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This is the basic safety kit we have to carry by law here. When I stated join a marine rescue group, this was a serious suggestion ( if there is one locally) you can learn so much from such groups especially in your local area. Sorry it posted upside down, can't seem to change it.
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Old 08 July 2018, 05:04   #16
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It's coz ur Australian... ;-)
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Old 08 July 2018, 05:25   #17
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Originally Posted by ShinyShoe View Post
It's coz ur Australian... ;-)
He's not y'know - he's an English nobbur

Anyway - it's all wasted advice. The OP isn't asking about safety equipment or techniques. He's asking for typically encountered emergency scenarios so he can have them translated into Korean for easy reference if he has to call it in to the CG or other vessel.
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Old 08 July 2018, 21:29   #18
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He's not y'know - he's an English nobbur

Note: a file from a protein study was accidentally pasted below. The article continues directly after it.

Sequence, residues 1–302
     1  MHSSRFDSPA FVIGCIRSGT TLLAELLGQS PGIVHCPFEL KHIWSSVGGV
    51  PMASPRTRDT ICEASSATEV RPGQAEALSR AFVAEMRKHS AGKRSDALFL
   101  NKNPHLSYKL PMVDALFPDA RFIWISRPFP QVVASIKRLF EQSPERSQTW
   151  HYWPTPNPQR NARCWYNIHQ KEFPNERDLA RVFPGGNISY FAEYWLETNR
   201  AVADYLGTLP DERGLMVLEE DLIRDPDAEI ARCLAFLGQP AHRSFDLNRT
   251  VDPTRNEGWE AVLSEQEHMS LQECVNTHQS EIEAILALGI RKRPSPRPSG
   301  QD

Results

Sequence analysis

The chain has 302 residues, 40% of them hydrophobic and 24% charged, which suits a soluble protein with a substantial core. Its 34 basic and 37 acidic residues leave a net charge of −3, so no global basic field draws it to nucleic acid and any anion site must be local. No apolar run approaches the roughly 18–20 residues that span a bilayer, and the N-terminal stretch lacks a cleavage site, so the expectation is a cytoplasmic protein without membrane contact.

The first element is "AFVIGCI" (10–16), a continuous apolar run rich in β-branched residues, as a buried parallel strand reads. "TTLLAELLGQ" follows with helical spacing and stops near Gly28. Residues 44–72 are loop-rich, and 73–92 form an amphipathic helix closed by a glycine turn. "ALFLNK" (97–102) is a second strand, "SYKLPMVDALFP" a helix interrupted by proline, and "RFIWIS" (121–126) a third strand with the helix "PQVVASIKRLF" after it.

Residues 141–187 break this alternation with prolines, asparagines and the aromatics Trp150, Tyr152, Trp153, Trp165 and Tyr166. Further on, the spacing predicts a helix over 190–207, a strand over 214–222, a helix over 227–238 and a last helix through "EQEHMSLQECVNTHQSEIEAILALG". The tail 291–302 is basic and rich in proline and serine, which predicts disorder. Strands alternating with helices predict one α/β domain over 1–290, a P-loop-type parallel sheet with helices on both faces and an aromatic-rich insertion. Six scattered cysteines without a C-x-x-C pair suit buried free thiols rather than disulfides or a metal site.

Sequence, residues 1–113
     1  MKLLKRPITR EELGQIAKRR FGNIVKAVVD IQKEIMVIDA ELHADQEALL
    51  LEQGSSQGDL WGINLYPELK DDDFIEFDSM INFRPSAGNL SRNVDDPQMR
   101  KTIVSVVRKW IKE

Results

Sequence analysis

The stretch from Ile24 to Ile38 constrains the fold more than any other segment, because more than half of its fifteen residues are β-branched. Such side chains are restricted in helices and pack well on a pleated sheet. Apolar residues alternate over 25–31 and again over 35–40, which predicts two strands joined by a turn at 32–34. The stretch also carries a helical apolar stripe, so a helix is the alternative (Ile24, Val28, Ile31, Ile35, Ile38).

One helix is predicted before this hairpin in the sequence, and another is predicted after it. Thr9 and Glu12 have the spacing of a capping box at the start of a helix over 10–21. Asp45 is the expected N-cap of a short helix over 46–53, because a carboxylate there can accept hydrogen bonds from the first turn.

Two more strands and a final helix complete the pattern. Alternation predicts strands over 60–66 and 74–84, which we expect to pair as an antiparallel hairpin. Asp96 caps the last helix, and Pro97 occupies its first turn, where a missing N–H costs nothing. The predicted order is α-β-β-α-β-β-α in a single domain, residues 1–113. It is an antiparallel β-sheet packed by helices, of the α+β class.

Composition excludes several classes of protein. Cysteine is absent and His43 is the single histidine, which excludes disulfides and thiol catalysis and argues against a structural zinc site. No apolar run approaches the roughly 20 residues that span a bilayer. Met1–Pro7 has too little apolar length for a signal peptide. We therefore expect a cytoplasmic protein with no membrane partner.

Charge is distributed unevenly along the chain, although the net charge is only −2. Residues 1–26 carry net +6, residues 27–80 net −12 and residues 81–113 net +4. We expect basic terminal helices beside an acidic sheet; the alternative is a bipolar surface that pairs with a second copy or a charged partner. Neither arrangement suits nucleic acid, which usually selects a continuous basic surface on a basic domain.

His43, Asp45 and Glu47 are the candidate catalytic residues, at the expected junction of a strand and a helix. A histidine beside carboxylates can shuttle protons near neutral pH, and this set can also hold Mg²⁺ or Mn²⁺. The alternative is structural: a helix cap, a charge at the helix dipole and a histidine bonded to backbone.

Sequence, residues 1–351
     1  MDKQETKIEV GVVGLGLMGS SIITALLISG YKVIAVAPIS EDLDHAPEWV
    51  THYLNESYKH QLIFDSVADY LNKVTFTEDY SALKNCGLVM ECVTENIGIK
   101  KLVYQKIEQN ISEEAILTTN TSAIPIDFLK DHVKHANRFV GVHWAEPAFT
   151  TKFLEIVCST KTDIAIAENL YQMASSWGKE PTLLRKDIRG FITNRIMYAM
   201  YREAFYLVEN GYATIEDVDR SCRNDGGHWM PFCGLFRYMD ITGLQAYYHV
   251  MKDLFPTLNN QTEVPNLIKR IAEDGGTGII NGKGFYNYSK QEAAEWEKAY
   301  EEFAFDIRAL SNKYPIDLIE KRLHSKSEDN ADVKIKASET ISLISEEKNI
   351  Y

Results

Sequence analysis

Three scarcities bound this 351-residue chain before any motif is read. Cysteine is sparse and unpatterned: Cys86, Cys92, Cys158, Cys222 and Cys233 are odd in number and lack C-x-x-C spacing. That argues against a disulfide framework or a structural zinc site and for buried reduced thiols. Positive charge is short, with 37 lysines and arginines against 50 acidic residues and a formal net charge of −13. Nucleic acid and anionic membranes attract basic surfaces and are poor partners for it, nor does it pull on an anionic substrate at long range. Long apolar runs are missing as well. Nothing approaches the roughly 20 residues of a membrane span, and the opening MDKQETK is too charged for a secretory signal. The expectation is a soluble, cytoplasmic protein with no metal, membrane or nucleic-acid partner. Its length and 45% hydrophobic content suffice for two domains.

Anyway - it's all wasted advice. The OP isn't asking about safety equipment or techniques. He's asking for typically encountered emergency scenarios so he can have them translated into Korean for easy reference if he has to call it in to the CG or other vessel.
Spot on, my 1st post was badly worded!
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Old 09 July 2018, 01:47   #19
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Originally Posted by Southkorea View Post
Spot on, my 1st post was badly worded!


If verbal communication could be a problem, a DSC VHF would help in a "brown stuff hitting the fan" situation. You can choose the type of emergency that you are dealing with from the menu & send the appropriate digital message. e.g. Fire, MOB, medical, piracy etc.
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Old 09 July 2018, 08:51   #20
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A plastic international v sheet and the arm signals used internationally should be known by most people. The flare kit in my earlier post should be pretty common sense for locals to know you are in trouble ( hand smoke and red night flares ).